Different types of arthritis can present themselves to anyone at any age.
The three types known are post-traumatic, osteoarthritis, and rheumatoid. With each one brings about different symptoms and characteristics. With post-traumatic, it can occur after a knee injury, a fracture to the knee, or a torn meniscus.
If it is osteoarthritis, it would take on a degenerative process where the joint cartilage wears away. And with rheumatoid, it is more of an inflammatory disease, which can target any age.RELATED: RECOMMENDED PLANS FOR YOU
Here are several symptoms that you need to be aware of:
Swelling and Tenderness – this can be brought on by extra fluid or what are known as bone spurs. The skin of your knee might be red and warm to the touch.
These symptoms can be temporarily remedied with the use of an over the counter anti-inflammatory, but in time could lead to chronic inflammation.
Popping and/or Cracking Sounds – this might be occurring due to the fact that you have lost some of the cartilage that helps smooth out the range of motion with your knee(s).
Gradual Increase in Pain – the pain usually comes on slowly, but has been known to come on suddenly. Your knees may hurt from walking, climbing the stairs, or from sitting for long periods of time. And for some people their aching knees act like a barometer when it comes to changes in the weather!
Locking or Bucking – your entire joint structure can become unstable due to a weakening of the muscles in your knee(s). Also, the joint could stick or lock and you could struggle to bent or straighten it out!
Loss of Joint Space– the development of bone spurs and other rough surfaces on the ends of the bones take away valuable space. The spurs can start to formulate when the cartilage is worn through, or from calcification.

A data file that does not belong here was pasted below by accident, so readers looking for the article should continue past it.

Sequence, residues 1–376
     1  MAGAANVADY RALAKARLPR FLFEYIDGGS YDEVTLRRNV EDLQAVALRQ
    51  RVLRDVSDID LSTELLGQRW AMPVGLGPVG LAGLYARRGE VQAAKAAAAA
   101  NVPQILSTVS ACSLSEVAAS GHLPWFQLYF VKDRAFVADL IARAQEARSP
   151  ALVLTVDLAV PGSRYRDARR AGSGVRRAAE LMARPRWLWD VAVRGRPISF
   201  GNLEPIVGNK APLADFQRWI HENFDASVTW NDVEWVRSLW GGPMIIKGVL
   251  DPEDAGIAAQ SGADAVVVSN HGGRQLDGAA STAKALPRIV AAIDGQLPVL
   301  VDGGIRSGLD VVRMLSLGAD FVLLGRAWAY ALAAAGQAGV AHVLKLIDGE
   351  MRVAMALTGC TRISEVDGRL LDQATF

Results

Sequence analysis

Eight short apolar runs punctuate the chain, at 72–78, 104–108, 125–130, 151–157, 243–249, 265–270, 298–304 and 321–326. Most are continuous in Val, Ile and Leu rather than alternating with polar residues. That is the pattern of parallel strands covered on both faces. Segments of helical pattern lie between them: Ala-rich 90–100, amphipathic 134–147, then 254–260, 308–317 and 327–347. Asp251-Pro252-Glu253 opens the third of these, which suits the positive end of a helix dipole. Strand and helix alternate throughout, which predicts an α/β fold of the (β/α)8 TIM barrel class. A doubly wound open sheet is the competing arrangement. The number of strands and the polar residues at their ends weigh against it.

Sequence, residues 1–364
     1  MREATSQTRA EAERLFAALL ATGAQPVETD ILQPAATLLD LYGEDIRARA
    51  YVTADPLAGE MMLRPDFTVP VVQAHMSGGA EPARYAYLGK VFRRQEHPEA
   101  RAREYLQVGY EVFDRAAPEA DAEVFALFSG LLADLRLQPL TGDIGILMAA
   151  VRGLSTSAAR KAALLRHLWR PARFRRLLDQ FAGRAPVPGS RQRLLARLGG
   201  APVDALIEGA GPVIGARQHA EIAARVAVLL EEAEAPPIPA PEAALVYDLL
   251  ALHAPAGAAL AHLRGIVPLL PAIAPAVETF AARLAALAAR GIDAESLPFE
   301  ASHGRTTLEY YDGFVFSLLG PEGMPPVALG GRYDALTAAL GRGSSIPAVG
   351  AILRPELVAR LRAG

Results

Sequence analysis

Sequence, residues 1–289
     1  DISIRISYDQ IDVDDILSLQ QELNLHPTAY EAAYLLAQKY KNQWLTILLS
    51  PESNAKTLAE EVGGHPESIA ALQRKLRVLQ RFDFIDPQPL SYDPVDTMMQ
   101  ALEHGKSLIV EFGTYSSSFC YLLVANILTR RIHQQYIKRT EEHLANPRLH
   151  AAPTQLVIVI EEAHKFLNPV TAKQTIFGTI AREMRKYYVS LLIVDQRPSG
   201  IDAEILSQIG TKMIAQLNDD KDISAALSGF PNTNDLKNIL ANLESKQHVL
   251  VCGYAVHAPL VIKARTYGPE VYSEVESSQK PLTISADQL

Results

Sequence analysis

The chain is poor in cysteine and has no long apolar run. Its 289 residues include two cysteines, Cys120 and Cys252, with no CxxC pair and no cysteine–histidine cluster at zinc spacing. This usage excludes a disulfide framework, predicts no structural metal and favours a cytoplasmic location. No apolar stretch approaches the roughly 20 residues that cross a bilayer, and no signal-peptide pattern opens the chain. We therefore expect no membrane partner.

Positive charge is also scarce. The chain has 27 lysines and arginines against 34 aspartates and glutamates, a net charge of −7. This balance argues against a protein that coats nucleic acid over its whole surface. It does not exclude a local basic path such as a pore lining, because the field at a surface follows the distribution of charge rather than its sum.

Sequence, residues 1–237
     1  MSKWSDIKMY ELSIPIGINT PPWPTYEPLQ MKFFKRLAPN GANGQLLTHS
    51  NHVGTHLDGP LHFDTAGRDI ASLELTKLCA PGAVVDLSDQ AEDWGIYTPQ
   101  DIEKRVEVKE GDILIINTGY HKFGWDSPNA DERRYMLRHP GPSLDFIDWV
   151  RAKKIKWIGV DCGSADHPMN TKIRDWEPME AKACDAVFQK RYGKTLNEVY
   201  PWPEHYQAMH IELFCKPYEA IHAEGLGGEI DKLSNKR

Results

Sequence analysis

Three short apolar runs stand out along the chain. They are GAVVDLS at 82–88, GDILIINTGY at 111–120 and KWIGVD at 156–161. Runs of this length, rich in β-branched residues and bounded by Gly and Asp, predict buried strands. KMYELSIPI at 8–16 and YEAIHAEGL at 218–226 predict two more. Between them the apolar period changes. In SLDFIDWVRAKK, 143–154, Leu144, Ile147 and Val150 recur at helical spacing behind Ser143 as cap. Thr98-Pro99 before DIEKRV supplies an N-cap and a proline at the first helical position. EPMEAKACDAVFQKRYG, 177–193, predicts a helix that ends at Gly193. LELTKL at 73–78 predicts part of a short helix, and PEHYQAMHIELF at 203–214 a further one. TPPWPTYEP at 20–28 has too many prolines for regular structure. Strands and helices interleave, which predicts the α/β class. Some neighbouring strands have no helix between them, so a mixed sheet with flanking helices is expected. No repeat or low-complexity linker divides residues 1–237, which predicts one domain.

Deformities of the Knee – the knees can start to point towards each other or turn away from each other. They may take on a sunken appearance brought about by a weakening and shrinking of the muscles around the knee.
Poor Range of Motion – there is a noticeable change in the way the knee glides and simple movements become more challenging. You will probably notice this more when climbing the stairs or participating in athletic events. The progressive wearing away of the cartilage is a sign of osteoarthritis.
So, stay tuned into your knees, here are some helpful tips…
Get a proper diagnosis – early diagnosis and treatment can lead to improvement of pain and stiffness.
Start an exercise program – moderate exercise is an integral part of treating arthritis. Exercise by itself will not wear out your joints.
Activity modifications – proper body mechanics, proactive good posture, avoid slouching, reduce climbing activities, avoid activity that causes prolonged discomfort.
Nutritional Supplements – products such as glucosamine, chondroitin sulfate, Vitamin C and D, and calcium can potentially help if taken on a regular basis.
Orthotics/Bracing/Self-Help Devices/Support – products such as heel wedges or orthotics can help align the leg, relieving pressure on the knee. Cushioned shoe inserts that fit the length of the shoe may reduce some of the impact loading that your knee or hip experience.
Prescription Medications – there are four general classes of prescription medications: NSAIDS, Non Narcotics, Narcotics, and a special class of medications for patients with rheumatoid arthritis, lupus, and related diseases. Consult with your doctor on which one would be best for you!
Injections – hyaluronate injections may help relieve osteoarthritis pain and joint function. Hyaluronate is a naturally occurring substance in joint fluid that provides lubrication and cushioning to the joint.
See a Surgeon who specializes in Arthritis – they can offer their opinions and expertise for knee surgery options such as arthroscopy, total joint replacement, or osteotomy.
Use good judgment and take care of your knees, remember one of the keys to good health is mobility!